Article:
By the way, Lady T was proudly NRI’s Honorary Chairman.
I can’t recall who had the idea of NRI first — possibly Gay Gaines, an energetic and visionary conservative fund-raiser; possibly Wick Allison, a serial entrepreneur; but I know it wasn’t my idea.
Other magazines and institutes took these themes up — The National Interest, Hudson — until Andrew Sullivan noted one day that the word Anglosphere, never having been uttered until a few years back, was suddenly on all tongues. It’s now being seriously discussed as providing the U.K. outside Europe with new economic allies and a different world role. Odd how that happens.
My life and times with NRI neither began nor ended with the Anglosphere, however. Indeed I was present at the creation of National Review Institute, which took place beside the swimming pool attached to the home of Gay and Stanley Gaines in Palm Beach, Fla., way back in 1991. Wick Allison and I, then publisher and editor of NR respectively, were ministers plenipotentiary for Bill Buckley, visiting their home one weekend to discuss how the ideas and principles of National Review might best be advanced outside the magazine. I can’t recall who had the idea of NRI first — possibly Gay, who is an energetic and visionary conservative fund-raiser; possibly Wick, who is a serial entrepreneur; but I know it wasn’t my idea.
And though it wasn’t Bill’s idea initially either (nor that of Lisa Nelson, who was there and who became NRI’s first executive director), he was soon a keen evangelist for it. He could see that the invention of the Internet was changing the flows of information in ways that no one could fully foresee but that probably threatened all existing vehicles for journalism, including journals of opinion. But he could also see that developing a new kind of organization to spread conservative principles, one different from think tanks such as Heritage and AEI, might prove an even more expensive proposition than NR itself. (National Review had already helped to found Town Hall, but, as often happens with pioneers, Town Hall needed deeper pockets than we had, and others took it to the next stage, where it has since flourished. We think of ourselves as its grandparents.)
Bill wanted to be sure that NRI would be a sound financial proposition, albeit a nonprofit one, that would last for the long haul. Wick’s entrepreneurial experience — he had founded the Dallas magazine D — was a plus, but he couldn’t afford to launch the new institute entirely from his own resources. Gay and Stanley made all the difference. Gay provided the drive, energy, vision, and political contacts in GOP circles that were needed to make a mark; Stanley provided the calm realism, CEO experience, and (occasional) restraining hand that reassured; both gave generously to the initial seed capital. They converted Bill wholeheartedly to the practicality of the idea; a strong supervisory board of investors was put in place; an energetic organizer, Lisa, was hired to manage its daily affairs; and within an astonishingly short time, NRI was up and running.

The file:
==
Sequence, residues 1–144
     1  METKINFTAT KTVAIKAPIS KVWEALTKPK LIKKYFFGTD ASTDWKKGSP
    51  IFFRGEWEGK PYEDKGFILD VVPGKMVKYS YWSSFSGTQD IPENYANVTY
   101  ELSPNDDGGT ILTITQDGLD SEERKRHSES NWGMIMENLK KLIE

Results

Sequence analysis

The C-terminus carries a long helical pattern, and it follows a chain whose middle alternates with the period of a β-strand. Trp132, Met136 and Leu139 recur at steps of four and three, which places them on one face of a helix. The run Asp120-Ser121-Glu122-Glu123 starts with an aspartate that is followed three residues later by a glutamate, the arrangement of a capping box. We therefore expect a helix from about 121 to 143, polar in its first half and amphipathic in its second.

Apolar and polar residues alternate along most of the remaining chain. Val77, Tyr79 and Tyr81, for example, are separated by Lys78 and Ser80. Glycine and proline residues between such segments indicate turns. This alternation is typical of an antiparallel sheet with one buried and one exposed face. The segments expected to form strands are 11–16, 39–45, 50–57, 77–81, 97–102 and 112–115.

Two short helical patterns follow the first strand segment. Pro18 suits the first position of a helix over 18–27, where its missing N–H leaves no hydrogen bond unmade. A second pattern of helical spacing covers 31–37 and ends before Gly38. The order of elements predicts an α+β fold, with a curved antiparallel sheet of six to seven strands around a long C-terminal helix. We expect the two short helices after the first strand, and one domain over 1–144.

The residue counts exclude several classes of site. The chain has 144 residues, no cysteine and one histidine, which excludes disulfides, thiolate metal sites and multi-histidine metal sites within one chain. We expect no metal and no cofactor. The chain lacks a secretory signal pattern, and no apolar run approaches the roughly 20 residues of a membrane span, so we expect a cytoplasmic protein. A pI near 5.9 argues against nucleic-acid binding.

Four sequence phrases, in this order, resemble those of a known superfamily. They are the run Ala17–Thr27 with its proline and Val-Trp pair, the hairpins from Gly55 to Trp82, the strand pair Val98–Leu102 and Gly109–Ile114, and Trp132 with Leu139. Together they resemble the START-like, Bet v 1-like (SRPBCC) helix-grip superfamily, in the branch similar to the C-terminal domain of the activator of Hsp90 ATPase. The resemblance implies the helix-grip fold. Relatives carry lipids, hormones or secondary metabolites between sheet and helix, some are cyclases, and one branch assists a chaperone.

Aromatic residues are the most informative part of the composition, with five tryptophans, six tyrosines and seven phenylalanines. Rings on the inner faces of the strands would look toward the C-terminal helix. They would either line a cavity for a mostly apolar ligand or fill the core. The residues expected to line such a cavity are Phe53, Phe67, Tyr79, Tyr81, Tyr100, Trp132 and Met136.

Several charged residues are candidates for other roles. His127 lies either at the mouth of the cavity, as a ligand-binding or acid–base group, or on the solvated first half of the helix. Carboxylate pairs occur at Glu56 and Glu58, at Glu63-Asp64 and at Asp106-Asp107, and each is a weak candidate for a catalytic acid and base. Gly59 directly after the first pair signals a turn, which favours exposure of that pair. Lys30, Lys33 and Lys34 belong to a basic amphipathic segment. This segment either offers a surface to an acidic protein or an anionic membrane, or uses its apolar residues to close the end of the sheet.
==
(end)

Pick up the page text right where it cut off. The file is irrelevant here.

Our first big event was — there is no equally appropriate term — a smash hit. On the weekend of Inauguration Week 1993, just four days after William Jefferson Clinton was sworn in as president, we held what became a giant protest meeting in the Mayflower Hotel, a few blocks from the White House. I write “giant” advisedly. The massive ballroom of the Mayflower was not large enough to accommodate all those in attendance — more than 1,100 people as I recall. The hotel had to open overflow rooms, to which the proceedings were piped in electronically. The conference throbbed with energy and good humor. We had representatives of every wing of American conservatism debating one another in a series of lively panels and plenary sessions.
The New York Times was sufficiently alarmed to devote almost a whole page to a pretty fair-minded report of our first day. It reported that American conservatives were in good heart at the close of that grim week and seemed to think the Clintons would be a temporary disease, like the measles. Ah, the optimism of a young movement! (Minor complaint 25 years later about the Times: Hadley Arkes, rebutting the slur that conservatives were anti-gay, asked rhetorically, “Who among us here would not prefer to have dinner with Noel Coward rather than Al Gore?” — a laugh line that, along with other good quotes, disappeared from later editions. Heigh-ho!)
And NRI went on as we began. Later large-scale conferences like the post-Inauguration bash were held in San Diego, Washington, D.C., Hollywood, Chicago, and Charleston, with local audiences that were generally in the mid-hundreds. We capped them all (except the first) with the first International Conservative Conference, in 1997, with Newt Gingrich and Margaret Thatcher. The annual Thatcher seminars started the following year and continued throughout the decade.
Our first big event was — there is no equally appropriate term — a smash hit. The massive ballroom of the Mayflower Hotel was not large enough to accommodate all those in attendance.